After my prior post, I have summarized the chart I included from Mark Perry to the key data that I think really makes the point. Household income is obviously a product of hours worked and hourly wages. Looking at the chart below, poverty seems to be much more a function of not working than it is of low wages. Which makes California's decision to raise the price of hiring unskilled workers by 50% (by raising their minimum wage from $10 to $15) all the more misguided.
Note the calculations in the last two lines, which look at two approaches to fighting poverty. If we took the poorest 20% and kept their current number of hours worked the same, but magically raised their hourly earnings to that of the second quintile (ie from $14.21 to $17.33), it would increase their annual household income by $2,558, a 22% increase (I say magically because clearly if wages are raised via a minimum wage mandate, employment in this groups would drop even further, likely offsetting most of the gains). However, if instead we did nothing to their wages but encouraged more employment such that their number of workers rose to that of the second quintile, this would increase household income by a whopping $13,357, a 115% percent increase.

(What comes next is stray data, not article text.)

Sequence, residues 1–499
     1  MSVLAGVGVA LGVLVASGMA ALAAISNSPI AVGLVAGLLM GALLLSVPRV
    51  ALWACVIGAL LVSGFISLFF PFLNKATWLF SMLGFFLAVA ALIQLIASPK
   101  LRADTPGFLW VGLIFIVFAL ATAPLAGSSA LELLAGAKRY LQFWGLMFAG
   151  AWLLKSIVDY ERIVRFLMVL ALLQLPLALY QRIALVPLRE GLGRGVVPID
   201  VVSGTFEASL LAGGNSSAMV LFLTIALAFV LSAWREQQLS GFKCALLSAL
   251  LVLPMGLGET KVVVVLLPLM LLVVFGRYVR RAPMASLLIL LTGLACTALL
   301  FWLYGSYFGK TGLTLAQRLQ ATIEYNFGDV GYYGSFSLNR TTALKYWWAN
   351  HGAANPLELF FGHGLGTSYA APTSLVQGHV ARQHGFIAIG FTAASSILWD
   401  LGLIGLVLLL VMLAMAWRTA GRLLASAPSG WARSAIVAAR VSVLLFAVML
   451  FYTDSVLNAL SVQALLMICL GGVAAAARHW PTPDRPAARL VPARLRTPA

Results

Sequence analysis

From this, would you logically try to fight poverty by forcing wages higher (which will almost surely reduce employment) or by trying to increase employment?